Energy, Work and Power Quiz Tomorrow. Work and Power Discussion (due Thursday)
Introduced and completed the Work & Power Lab: Running up a Flight of Stairs.
Procedure & Tips for Lab today:
Before you gather data:
Weight
Mass
Gravity
Is a measure of the Force of gravity between 2 objects.
Is the amount of matter in an object.
Is an invisible force of attraction between all objects.
Expressed in Newtons. (English system uses Pounds)
Expressed in kg
Causes objects to accelerate toward earth at a rate of 10 m/s/s
Weight = mass x gravitational acc.
On earth a mass of 1 kg x 10 m/s/s has a weight of 10 Newtons. (this is equal to 2.25 pounds)



So.....
  • If you know your weight in pounds, divide by 2.25 pounds/kg to find your mass (this never changes wherever you go in the universe). Then multiply by 10 m/s/s to determine your weight in Newtons here in earth. (this would change on the moon)
  • If not, measure your mass in kg on the scale and multiply by 10 m/s/s to convert to a weight in (N)
  • The vertical distance you will move up our flight of stairs = ___ meters (big open stair well; lets double check though)
  • I need 1 volunteer to help me time people from the landing
  • While climbing the stairs, stay to the inside! While going back down, stay against the wall!
After you gather data:
  • Work (Joules) = Force (Newtons) X distance (meters)
  • Power (Watts) = Work (Joules) / time (seconds)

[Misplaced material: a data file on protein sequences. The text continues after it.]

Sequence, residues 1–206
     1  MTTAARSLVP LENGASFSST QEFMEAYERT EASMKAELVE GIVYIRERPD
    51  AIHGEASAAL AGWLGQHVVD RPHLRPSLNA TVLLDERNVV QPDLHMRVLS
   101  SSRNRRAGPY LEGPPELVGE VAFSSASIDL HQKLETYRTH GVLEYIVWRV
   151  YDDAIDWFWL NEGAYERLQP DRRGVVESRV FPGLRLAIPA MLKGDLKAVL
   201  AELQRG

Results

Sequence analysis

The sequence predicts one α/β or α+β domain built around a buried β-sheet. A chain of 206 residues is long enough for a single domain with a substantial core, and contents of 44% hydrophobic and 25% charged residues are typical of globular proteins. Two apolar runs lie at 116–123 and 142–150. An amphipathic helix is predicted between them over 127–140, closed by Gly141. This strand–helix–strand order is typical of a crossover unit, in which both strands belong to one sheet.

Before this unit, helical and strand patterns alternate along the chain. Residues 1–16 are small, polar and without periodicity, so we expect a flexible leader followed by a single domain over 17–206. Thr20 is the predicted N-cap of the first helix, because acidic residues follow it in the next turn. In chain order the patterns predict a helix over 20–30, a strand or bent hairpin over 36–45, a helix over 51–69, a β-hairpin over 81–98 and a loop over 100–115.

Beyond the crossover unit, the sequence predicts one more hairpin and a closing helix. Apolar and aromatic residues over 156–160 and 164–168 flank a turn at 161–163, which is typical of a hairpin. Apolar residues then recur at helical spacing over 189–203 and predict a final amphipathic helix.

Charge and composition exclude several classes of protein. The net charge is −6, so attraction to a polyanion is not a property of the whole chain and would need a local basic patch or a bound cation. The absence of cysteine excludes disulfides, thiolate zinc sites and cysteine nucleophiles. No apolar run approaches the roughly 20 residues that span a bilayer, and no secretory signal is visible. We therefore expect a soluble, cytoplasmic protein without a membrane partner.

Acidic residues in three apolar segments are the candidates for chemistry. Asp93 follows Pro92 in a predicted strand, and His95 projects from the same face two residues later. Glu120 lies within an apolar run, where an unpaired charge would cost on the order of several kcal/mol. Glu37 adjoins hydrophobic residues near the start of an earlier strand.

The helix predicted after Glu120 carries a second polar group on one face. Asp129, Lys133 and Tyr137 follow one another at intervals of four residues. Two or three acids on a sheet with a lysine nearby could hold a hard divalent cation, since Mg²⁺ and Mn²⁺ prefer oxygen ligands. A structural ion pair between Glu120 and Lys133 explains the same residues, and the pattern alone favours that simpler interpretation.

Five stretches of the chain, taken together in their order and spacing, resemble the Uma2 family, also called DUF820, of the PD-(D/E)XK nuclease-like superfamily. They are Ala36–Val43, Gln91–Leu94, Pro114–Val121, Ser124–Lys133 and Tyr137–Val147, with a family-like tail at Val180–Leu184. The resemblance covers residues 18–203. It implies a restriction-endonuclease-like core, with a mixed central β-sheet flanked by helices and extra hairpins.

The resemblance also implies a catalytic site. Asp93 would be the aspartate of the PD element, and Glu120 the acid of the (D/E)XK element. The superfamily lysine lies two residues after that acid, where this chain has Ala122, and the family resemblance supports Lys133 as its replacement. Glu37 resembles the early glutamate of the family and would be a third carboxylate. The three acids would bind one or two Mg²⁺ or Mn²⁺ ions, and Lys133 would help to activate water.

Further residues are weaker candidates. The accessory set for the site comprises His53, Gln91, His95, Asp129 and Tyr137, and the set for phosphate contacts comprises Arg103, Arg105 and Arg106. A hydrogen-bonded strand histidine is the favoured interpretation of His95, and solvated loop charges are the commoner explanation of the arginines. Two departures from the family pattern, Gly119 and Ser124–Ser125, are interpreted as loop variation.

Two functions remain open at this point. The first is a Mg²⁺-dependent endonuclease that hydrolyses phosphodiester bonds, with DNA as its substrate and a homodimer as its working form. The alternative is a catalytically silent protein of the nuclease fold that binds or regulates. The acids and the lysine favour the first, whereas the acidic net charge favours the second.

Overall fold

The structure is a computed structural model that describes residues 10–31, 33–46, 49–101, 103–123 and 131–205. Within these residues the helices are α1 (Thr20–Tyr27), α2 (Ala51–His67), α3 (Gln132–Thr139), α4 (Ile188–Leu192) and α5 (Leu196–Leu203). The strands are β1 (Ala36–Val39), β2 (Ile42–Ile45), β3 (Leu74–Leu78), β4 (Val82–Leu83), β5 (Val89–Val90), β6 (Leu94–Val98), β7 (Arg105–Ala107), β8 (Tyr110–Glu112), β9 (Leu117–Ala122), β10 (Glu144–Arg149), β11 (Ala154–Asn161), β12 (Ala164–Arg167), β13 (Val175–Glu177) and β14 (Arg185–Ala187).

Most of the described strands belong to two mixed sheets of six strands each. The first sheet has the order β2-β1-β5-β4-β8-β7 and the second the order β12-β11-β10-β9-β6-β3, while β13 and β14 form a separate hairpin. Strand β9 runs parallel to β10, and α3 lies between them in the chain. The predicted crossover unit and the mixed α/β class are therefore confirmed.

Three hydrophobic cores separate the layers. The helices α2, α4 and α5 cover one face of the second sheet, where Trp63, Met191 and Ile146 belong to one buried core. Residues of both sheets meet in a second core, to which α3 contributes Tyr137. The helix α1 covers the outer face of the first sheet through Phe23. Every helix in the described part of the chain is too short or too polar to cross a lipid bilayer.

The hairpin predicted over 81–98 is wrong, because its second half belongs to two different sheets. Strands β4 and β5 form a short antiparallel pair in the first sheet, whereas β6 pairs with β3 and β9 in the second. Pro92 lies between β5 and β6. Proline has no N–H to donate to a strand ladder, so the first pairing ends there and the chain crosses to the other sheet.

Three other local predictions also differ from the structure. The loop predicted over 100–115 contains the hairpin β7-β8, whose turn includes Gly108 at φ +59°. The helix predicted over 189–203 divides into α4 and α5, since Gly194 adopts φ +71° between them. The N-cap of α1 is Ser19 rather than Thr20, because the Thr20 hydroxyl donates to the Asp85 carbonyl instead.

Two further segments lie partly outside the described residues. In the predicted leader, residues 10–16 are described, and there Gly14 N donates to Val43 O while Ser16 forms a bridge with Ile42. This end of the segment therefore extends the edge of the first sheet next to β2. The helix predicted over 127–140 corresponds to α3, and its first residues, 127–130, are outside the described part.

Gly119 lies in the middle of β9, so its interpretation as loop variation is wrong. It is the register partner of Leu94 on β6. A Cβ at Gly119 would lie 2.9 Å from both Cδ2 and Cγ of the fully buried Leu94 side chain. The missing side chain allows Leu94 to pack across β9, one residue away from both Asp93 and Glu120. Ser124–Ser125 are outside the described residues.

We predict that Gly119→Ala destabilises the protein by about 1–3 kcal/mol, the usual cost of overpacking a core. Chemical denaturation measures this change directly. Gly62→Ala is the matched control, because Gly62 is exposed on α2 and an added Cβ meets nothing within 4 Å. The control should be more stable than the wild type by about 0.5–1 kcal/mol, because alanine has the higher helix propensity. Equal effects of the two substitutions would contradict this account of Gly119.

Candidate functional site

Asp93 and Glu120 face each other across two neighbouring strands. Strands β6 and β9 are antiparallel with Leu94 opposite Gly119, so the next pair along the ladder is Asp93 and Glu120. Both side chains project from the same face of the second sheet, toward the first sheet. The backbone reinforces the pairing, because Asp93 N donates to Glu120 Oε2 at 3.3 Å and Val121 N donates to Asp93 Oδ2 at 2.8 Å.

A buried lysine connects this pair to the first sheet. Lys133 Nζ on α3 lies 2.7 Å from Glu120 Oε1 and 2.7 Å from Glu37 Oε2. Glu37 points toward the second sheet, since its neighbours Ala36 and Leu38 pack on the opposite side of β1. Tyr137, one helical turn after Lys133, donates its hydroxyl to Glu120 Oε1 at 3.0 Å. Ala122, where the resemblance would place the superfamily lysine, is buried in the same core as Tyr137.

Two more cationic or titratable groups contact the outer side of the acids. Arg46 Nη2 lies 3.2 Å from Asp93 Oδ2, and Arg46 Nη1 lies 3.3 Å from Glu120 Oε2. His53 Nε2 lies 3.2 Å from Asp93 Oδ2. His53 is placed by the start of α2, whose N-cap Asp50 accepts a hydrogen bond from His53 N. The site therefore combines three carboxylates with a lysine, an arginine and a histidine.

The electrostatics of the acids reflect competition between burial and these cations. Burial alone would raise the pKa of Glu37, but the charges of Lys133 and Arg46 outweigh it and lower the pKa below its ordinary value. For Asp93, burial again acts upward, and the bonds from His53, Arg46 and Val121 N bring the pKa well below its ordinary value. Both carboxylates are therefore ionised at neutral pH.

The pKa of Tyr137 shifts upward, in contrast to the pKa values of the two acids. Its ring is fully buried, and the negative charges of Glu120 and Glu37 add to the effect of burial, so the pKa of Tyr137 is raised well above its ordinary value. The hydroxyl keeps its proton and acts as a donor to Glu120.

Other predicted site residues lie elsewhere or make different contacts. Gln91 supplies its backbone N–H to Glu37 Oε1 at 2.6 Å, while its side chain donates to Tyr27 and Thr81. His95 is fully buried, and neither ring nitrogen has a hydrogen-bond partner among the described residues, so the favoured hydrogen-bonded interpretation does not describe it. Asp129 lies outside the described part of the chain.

March 25, Monday
Have a calculator handy today
Checked and covered the homework
Returned and covered the CH 4 Test
Looked at a sample GPE and KE problem (you'll see something like this on the quiz Wednesday)
Viewed:Energy, Work, and Power (3:34) Work and Power Streaming video (8:00)
Energy, Work and Power Quiz Wednesday
Homework: Work and Power Discussion (due Thursday)

March 22, Friday
Collected GPE Gizmo
Checked and covered homework from Wednesday
Covered CH 5&7 Notes through "Power." (Demo of lifting a known mass)
Introduced and completed the work and power lab (as a class?)
Procedure & Tips for Lab today:
  • Weight is a force expressed in Newtons. Weight = mass (kg) X gravity (10 m/s/s)
  • Most of our spring scales display mass in grams and force in Newtons. Digital force sensors express force in Newtons, BUT BOTH MUST BE PROPERLY ZEROED BEFORE USING!
  • Your goal during this lab is to compare the work needed to lift, then slide a small book vs. the work needed to lift, then slide a large book.
  • Work (Joules) = Force (Newtons) X distance (meters)
  • Power (Watts) = Work (Joules) / time (seconds)
Energy, Work and Power Quiz Wednesday
Homework: Work and Power Problems sheet 1 with hints to problems 1-4.

March 21, Thursday (Slight changes due to being out for 2 days; see 2012 archive for details)
Myth Busters: Death by Falling Penny (Season 1 Episode 4)
Homework: Forms of Energy discussion response (due tomorrow)

March 20, Wednesday
Students completed the Gravitational Potential Energy Gizmo.
Homework: "Energy and Work "" Reinforcement and Study Guide & G.P.E. gizmo (due Friday); discussion response (due Friday)

March 19, Tuesday
Schedule test makeups. Covered CH 5&7 Notes through slide 10. Viewed Eureka vids: Work, Kinetic Energy, and Potential Energy (in order)
New Idea: How much work do you do during a push up?
Materials: A standard bathroom spring scale, a meter stick, and the formula Work = F x d.
Homework: Forms of Energy discussionresponse and "Energy and Work "" Reinforcement and Study Guide (due Friday)

March 18, Monday